Northern DEW Line cleanup bill hits $500M

It's taken 15 years and nearly a half a billion dollars, but the curtain is coming down on one of Canada's largest environmental cleanup projects.
The DEW Line system of early warning radar sites was abandoned in the 1980s. (CBC)

It's taken 15 years and nearly a half a billion dollars, but the curtain is beginning to come down on one of Canada's largest environmental cleanup projects. 

By the end of the summer, cleanup at 19 of 21 abandoned Distant Early Warning Line radar sites across the North will have been completed, according to the Department of National Defence.

The DEW Line was set up across the Canadian Arctic in the 1950s because of fears of a Soviet attack. When the Cold War ended in the 1980s, the sites were abandoned, but hundreds of thousands of tonnes of material that had been shipped in remained, along with chemically-contaminated soil.

During a tour last week of the Fox 2 DEW line site on Baffin Island, David Eagles, the retired Canadian Forces lieutenant-colonel who is in charge of the cleanup operation, said the change on the site has been remarkable.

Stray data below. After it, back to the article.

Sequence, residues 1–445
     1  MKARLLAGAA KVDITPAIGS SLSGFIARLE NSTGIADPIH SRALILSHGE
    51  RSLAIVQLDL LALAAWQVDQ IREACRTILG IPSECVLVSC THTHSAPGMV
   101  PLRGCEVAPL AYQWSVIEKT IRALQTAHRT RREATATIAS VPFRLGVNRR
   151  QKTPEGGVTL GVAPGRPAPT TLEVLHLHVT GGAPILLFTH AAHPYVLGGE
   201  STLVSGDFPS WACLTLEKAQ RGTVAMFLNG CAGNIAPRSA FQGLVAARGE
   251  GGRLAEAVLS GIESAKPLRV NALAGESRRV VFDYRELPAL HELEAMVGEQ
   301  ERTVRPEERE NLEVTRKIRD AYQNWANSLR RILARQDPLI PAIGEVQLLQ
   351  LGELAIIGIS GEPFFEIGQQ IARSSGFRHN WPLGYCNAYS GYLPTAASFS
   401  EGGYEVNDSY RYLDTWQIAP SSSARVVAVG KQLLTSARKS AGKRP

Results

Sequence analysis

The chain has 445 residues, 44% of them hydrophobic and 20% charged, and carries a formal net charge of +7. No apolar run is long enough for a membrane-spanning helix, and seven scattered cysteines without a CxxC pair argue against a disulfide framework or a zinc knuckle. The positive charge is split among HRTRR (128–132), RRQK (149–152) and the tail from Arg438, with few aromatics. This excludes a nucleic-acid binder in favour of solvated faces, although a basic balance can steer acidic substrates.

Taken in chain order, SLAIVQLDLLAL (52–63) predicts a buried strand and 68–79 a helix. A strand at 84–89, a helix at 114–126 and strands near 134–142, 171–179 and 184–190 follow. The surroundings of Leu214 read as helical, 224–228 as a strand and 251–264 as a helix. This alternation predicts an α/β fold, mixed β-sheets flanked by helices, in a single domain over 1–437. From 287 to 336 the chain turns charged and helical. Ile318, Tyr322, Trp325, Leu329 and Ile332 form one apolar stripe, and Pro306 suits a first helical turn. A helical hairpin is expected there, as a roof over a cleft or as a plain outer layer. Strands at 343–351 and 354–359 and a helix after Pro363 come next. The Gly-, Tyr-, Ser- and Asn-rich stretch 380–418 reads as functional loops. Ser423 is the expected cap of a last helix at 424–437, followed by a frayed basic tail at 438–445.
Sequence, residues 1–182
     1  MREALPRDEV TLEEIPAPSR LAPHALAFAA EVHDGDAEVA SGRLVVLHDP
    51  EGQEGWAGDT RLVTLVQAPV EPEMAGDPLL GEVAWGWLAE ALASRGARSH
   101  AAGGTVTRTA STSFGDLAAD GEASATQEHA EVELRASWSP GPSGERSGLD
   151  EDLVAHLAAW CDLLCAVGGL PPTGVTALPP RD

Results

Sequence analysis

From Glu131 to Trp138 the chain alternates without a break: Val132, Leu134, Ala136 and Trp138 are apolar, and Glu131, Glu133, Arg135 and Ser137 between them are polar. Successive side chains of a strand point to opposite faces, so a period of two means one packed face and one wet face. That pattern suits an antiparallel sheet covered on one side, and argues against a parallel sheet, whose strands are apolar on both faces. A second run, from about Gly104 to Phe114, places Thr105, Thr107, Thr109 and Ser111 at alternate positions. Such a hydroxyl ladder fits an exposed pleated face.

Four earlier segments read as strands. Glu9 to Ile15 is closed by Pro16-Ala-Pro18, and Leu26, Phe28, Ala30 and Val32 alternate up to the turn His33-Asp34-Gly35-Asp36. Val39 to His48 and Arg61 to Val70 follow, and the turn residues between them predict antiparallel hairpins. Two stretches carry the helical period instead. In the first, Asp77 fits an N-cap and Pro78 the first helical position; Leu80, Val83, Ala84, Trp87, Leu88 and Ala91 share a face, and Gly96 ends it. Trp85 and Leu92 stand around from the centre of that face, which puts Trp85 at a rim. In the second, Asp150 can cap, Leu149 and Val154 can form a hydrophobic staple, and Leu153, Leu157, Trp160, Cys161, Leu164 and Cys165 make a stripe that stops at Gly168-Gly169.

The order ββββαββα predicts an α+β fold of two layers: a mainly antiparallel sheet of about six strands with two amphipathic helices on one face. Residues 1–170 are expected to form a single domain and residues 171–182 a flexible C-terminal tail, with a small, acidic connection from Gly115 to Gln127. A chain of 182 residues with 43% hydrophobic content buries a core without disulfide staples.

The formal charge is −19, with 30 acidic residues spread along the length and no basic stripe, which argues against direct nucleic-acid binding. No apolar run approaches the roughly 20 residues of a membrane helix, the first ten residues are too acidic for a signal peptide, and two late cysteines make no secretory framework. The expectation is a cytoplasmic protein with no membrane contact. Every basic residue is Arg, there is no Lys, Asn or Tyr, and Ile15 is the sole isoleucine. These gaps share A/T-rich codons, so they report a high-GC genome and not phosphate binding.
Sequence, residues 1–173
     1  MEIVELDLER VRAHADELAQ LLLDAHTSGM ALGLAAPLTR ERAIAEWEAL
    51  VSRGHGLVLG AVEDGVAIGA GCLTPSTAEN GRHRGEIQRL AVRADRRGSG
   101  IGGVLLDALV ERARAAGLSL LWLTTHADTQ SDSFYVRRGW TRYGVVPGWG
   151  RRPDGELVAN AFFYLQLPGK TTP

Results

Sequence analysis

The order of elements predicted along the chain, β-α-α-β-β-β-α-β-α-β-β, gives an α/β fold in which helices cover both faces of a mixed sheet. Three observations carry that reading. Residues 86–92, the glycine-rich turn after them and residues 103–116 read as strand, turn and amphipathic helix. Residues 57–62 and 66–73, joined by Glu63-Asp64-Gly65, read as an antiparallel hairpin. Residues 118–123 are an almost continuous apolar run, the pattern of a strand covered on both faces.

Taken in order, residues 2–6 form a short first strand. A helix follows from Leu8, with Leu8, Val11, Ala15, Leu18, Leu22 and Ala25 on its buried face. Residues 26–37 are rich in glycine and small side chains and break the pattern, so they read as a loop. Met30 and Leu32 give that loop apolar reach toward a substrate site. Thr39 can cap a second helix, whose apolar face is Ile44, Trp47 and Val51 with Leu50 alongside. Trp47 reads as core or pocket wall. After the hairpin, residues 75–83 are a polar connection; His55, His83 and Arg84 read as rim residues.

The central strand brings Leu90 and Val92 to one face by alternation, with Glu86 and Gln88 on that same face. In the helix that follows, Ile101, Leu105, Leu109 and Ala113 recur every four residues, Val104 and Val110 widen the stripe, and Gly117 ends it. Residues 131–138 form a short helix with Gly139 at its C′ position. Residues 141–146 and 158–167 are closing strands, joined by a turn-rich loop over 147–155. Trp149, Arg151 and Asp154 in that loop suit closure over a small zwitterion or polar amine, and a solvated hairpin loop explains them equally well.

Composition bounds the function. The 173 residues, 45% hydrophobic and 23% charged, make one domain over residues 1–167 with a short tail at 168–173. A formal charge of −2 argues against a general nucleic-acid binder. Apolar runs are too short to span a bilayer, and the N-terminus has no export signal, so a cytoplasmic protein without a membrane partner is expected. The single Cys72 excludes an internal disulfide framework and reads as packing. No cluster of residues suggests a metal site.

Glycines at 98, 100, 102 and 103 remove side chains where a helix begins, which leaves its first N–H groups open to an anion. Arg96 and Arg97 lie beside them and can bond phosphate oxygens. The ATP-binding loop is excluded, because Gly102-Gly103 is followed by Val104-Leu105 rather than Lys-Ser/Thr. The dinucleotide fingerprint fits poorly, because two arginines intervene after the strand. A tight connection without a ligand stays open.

"As we drive around you don't see old barrels beside the road, you don't see cables beside the road, all you see is what looks like more natural terrain — rock and tundra," Eagles said.

Nunavut Tunngavik representative George Qulaut, who made the tour of Fox 2 with officials and elders from Hall Beach and Igloolik, says Inuit are happy the land is finally being reclaimed. 

"We have fought so hard to have a lot of [this] debris cleaned up, especially the contaminants, chemicals and PCBs and all the other toxins that we have — especially for the environment and animals," he said.

DND says it will monitor the DEW-line sites for 25 years to make sure they remain clean and safe. 


With files from Nicole Ireland